• Centre for Professional Ethics

    Hands around a globe

The Centre for Professional Ethics is an internationally renowned research institution. Established in 1993, it is one of the oldest ethics research centres in the world and has gained a reputation for excellence in various areas of ethics, especially global justice and human rights and medicine. Since Professor of Moral Philosophy, Doris Schroeder, became Director of the Centre in 2004, the majority of projects and activities have dealt with questions of global research ethics, benefit sharing, and access to medicines. Of key importance for the Centre is that projects have impact in the real world and are of practical benefit.

In the last ten years, the Centre for Professional Ethics has co‐ordinated large‐scale, international projects on benefit sharing; community consent & indigenous populations; ethics dumping in international collaborative research; ethics in science policy; access to essential drugs; performance‐based pharmaceutical rewards as a supplement to the intellectual property rights system; and responsible research and innovation.

The Centre has significant expertise in coordinating and participating in European projects, as well as projects funded by other sources (for example, Wellcome Trust, European Research Council). Additionally, the global outreach of the Centre is considerable with a network of global collaborators including the World Health Organisation; UNESCO; the Chinese Ministry of Science and Technology; the Chinese Academy of Social Sciences; the Indian Ministry of External Affairs; a range of African NGOs; government advisory bodies throughout the world and a number of leading global academic institutions.

The Centre of Professional Ethics’ projects and activities are designed to maximise benefit for society. We work collaboratively with a wide range of stakeholders to ensure lasting impact and the sustainability of our work.

For example, through the TRUST project, we led the development of the Global Code of Conduct for Research in Resource-Poor Settings, which aims to prevent ‘ethics dumping’, i.e. the export of research, which would be prohibited or severely restricted in a high-income country, to a low-or-middle-income country.

The code is now a mandatory reference document for recipients of EU funding and its importance was described in a NATURE article.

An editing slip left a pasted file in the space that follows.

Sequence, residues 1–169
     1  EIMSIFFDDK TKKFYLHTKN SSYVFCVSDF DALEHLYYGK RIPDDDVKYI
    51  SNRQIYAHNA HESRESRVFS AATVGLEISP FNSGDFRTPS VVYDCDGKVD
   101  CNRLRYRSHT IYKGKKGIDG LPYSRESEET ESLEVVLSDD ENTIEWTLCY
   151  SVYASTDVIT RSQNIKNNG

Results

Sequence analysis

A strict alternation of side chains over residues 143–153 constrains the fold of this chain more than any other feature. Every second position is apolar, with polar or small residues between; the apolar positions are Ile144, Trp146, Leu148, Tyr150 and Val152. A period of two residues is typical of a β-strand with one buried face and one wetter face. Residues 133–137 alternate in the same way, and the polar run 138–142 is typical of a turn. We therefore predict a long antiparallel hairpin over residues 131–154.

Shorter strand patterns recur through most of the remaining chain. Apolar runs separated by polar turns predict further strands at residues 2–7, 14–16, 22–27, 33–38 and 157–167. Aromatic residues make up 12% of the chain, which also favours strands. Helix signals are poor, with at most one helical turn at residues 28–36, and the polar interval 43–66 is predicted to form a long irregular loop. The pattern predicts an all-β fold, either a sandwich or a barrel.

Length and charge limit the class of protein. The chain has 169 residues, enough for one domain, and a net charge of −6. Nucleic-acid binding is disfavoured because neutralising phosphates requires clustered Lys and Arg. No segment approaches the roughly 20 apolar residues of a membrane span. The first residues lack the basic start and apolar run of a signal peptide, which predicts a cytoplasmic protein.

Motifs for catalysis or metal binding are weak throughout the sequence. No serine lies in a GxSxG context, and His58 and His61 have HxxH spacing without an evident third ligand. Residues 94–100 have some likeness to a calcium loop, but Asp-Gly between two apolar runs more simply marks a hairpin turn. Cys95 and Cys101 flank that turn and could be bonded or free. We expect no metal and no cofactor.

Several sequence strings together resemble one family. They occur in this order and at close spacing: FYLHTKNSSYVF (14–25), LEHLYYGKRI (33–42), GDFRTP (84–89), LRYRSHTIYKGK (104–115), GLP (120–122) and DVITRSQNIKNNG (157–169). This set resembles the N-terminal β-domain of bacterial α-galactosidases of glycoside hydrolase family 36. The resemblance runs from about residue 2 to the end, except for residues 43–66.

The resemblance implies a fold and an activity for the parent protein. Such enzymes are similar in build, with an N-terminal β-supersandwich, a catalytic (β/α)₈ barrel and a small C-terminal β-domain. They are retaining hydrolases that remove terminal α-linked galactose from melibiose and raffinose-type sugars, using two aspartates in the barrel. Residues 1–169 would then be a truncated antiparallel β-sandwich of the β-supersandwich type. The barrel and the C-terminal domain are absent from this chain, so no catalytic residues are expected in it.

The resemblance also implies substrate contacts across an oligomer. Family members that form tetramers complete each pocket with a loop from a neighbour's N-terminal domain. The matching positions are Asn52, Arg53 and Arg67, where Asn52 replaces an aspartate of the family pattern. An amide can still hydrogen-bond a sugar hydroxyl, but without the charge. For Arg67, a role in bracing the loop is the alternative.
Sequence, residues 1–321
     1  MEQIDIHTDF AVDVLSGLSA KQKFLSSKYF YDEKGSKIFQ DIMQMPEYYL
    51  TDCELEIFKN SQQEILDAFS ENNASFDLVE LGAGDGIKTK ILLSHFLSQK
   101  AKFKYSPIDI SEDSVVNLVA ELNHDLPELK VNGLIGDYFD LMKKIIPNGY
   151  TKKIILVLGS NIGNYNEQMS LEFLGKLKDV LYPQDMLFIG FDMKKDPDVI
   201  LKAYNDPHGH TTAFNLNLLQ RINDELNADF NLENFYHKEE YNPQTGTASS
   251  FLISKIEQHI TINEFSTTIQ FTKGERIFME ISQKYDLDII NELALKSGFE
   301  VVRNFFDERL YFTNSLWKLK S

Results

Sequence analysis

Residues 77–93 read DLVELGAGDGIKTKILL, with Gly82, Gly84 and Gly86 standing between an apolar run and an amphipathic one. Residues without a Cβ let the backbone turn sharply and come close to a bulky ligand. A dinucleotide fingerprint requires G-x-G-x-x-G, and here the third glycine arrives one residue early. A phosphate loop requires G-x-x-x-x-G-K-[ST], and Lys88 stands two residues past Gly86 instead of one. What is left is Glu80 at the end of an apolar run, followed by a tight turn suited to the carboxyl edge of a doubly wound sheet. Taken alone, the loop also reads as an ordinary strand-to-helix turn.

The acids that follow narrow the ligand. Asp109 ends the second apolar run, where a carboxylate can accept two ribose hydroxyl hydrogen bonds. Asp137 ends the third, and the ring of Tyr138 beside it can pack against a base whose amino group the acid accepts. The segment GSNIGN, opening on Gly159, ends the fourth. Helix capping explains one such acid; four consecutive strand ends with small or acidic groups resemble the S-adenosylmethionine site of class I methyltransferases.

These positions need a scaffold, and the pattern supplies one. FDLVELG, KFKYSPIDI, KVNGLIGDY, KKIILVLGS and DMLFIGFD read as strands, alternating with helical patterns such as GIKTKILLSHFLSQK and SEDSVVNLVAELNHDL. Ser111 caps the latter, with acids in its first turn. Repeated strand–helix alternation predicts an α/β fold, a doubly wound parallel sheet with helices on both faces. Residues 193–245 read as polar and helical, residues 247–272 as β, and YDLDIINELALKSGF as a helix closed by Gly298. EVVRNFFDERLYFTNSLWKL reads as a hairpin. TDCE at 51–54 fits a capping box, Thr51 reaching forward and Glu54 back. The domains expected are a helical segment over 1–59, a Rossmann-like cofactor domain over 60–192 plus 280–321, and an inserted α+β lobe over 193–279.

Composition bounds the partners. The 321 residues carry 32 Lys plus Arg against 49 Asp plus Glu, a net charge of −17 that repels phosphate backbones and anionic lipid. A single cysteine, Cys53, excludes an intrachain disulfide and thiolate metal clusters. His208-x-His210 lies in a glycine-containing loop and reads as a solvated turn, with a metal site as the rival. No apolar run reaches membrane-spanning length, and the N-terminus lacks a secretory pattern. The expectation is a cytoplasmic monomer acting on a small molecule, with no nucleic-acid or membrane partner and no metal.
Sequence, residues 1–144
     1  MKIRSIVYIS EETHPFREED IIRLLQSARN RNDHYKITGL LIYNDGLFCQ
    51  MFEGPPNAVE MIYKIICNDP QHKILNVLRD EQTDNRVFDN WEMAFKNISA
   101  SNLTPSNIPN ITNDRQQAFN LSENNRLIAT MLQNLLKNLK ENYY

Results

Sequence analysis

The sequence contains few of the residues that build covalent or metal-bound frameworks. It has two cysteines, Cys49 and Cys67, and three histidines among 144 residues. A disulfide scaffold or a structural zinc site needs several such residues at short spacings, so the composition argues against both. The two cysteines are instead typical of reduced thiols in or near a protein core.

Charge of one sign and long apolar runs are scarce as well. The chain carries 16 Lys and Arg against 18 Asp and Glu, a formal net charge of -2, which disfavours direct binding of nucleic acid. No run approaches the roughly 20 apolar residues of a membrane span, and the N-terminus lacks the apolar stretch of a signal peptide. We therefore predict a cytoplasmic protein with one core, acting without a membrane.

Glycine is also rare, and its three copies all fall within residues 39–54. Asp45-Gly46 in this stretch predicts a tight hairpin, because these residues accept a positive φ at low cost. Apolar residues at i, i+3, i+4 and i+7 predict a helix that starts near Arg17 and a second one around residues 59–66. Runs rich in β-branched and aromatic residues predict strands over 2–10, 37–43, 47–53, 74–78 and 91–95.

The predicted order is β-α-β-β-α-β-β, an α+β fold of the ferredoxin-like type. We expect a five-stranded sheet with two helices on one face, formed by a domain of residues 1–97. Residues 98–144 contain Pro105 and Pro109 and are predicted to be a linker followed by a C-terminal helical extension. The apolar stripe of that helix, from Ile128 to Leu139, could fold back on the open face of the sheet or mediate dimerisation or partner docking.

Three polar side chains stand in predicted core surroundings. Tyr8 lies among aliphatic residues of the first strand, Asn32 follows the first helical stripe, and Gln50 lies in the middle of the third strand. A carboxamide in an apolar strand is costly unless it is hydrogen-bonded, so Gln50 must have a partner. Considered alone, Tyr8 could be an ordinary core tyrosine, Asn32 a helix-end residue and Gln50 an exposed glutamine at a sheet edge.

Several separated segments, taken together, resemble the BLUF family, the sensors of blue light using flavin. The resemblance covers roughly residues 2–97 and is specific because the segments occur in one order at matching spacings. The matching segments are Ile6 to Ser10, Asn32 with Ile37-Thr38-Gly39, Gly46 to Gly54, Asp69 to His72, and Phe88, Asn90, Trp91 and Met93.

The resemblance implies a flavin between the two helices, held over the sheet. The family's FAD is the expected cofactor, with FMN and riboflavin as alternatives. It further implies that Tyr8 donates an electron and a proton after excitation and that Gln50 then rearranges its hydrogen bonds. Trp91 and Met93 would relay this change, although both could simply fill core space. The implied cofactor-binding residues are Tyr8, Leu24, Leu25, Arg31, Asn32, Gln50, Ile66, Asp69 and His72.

Global Ethics Code Website screenshot

Prof. Schroeder was interviewed by NATURE Masterclasses on ‘ethics dumping’, which you can watch below.

Since 2003, we have worked with the San people of South Africa, most recently in supporting the development of their own Code of Research Ethics. This is believed to be the first code of conduct for research developed by an indigenous group in Africa, according to a NATURE article.

The San have been one of the most commonly researched peoples in the world but many things that have happened in the past have left them feeling exploited by researchers. Lack of respect for local traditions and culture; lack of care for local needs; lack of any benefit to the San themselves and lack of transparency in the researchers’ dealings have been commonplace. From now on, all researchers who wish to work with the San must abide by their Code of Research Ethics. A short film about this development can be watched below.

In addition to the impact from our projects, members of the Centre work in high profile environments.

For instance, the Director of the Centre, Professor Doris Schroeder, serves on a variety of expert committees for the European Commission and also advises the Netherlands Organisation for Scientific Research and the National Research Foundation in South Africa on a regular basis.

Video ©Springer Nature 2019, used with permission

Funded by the European Commission, Horizon 2020, Co-ordinator.

The goal of the TRUST Project is to catalyse a global collaborative effort to improve adherence to high ethical standards in research around the world.